With no single, global governing body, MMA rules differ from country to country. From cage to ring, from elbow strikes to soccer kicks, from banned submission holds to limits on how long the fight can remain on the ground, there is no consensus on the rules in a sport that is decades old.
That is unlikely to change at any point in the near future and that is a major detriment to any hopes of the sport making it to the Olympics.
The IOC demands the best of the best in each sport, and the UFC wouldn't allow this.
In 1998, for the Nagano Winter Olympics, the IOC threw the doors open for NHL players to play on Olympic teams. In 2005, the doors were slammed in the face of baseball players the world over, in large part due to MLB's staunch refusal to accommodate the Olympics' schedule. In 2012, Dallas Mavericks owner Mark Cuban alluded to the end of the “Dream Teams” which could easily spell doom for basketball in the Olympics.
The IOC wants ratings. For ratings, you need big names. For big names, you need to get the professional organizations to lend their players. Does anybody anticipate the UFC lending people to the IOC?
Seriously, does anybody think that the UFC would be willing to lend Georges St-Pierre to the Olympics? With nothing in return? So he could have a gold medal fight with somebody like Johny Hendricks? For free? On NBC?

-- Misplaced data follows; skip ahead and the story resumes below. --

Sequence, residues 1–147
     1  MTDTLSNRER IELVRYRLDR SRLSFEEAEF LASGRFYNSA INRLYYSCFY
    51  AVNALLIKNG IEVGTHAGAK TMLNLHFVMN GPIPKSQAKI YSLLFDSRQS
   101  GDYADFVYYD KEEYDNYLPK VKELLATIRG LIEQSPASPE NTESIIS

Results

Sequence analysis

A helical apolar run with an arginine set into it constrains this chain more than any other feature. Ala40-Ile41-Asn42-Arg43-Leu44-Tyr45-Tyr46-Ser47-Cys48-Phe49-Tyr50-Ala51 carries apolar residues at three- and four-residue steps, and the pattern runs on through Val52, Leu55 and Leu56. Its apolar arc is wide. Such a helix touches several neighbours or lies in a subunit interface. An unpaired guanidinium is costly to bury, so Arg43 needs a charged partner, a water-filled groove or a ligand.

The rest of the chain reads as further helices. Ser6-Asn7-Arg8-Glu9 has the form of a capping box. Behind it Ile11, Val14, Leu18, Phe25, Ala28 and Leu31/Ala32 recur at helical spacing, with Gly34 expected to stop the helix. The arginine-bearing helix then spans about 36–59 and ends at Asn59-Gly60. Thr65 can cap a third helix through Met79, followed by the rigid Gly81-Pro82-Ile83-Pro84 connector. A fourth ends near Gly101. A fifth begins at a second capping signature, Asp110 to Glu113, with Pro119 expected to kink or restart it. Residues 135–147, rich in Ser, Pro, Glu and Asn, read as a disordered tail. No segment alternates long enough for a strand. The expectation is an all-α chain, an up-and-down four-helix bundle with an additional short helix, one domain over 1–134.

While most fans would still tune in to watch amateurs go at it, seeing anything other than the greatest in the world undermines the idea of the Olympics. That is a serious disincentive for the IOC.
Olympic combat sports can call for up to five fights per day.
Read this article I wrote during the London Games.
Judo is one of the most physically trying sports there is. It forces you to work your core, your back, your limbs and your neck like none other. Rightful medalist Travis Stevens had to fit five matches into a few hours' time and, when it came time for a medal match, he had just 45 minutes to recover from a bout that went to and through overtime.
At the Olympics, a tournament in a weight class all happens within a day and it's absurd to expect that from fighters. Yes, yes...from 1993 to 1997, the UFC functioned entirely in a tournament format.
That said, UFC 1 featured eight fighters. Men's 81 kg Judo had 34.
Similar numbers can be found in an average season of The Ultimate Fighter (seasons had up to 32 fighters). That said, a season of The Ultimate Fighter is taped over the course of six weeks. The Olympics runs for less than three.
In order to fit into the Olympic format, the sport would need to be pruned down to the point where it just wouldn't seem like MMA anymore.
The Olympics' lineup will be locked through 2024 this May.
Seriously. The next Summer Olympic Games is in 2016. 2020's lineup will be finalized this Summer. After that, the nearest Games is 2024.
That, obviously, is 11 years away and the IOC may or may not be willing to add sports between now and then. Once again, even if they look to add sports, there are no guarantees MMA would even be able to plead their case to the IOC.
As such, there is no real reason to get excited over the idea of Olympic MMA at any point in the near future. In ten years, maybe, but right now? No.
Even then, the problems of today will likely remain.